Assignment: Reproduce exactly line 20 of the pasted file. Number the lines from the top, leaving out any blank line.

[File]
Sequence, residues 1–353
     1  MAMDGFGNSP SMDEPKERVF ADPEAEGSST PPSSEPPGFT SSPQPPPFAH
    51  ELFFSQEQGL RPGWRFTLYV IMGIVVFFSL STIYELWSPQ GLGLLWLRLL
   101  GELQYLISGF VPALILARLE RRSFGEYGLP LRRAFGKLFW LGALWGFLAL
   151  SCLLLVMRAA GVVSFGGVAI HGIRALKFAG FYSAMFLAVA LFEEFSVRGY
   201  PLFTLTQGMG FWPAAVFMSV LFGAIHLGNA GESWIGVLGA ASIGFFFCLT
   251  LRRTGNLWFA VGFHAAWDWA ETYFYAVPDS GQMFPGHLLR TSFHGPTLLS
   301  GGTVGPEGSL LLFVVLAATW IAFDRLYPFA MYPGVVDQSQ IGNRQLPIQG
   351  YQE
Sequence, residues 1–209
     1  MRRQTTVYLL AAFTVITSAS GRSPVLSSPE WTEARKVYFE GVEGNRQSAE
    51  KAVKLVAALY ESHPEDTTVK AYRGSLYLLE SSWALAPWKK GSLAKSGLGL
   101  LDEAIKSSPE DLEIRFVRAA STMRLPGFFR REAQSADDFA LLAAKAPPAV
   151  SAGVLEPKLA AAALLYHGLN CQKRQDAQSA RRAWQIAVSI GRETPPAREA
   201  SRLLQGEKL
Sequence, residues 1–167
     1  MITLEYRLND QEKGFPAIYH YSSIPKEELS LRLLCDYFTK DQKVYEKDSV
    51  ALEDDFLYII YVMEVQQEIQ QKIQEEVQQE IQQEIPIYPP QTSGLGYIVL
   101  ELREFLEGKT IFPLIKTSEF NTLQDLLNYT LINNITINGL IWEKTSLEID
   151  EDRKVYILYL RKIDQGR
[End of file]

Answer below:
   151  EDRKVYILYL RKIDQGR